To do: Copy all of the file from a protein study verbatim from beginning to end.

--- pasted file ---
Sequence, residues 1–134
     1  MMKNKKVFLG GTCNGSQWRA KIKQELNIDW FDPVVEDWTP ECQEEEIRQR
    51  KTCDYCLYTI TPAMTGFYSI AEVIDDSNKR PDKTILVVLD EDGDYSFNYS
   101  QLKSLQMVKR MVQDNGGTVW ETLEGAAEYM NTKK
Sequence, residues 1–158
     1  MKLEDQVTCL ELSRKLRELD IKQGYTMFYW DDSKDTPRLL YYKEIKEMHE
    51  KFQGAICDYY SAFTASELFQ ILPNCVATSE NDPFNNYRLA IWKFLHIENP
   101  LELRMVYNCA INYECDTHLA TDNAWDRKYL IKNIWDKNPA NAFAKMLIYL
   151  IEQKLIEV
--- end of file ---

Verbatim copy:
Sequence, residues 1–134
     1  MMKNKKVFLG GTCNGSQWRA KIKQELNIDW FDPVVEDWTP ECQEEEIRQR
    51  KTCDYCLYTI TPAMTGFYSI AEVIDDSNKR PDKTILVVLD EDGDYSFNYS
   101  QLKSLQMVKR MVQDNGGTVW ETLEGAAEYM NTKK
Sequence, residues 1–158
     1  MKLEDQVTCL ELSRKLRELD IKQGYTMFYW DDSKDTPRLL YYKEIKEMHE
    51  KFQGAICDYY SAFTASELFQ ILPNCVATSE NDPFNNYRLA IWKFLHIENP
   101  LELRMVYNCA INYECDTHLA TDNAWDRKYL IKNIWDKNPA NAFAKMLIYL
   151  IEQKLIEV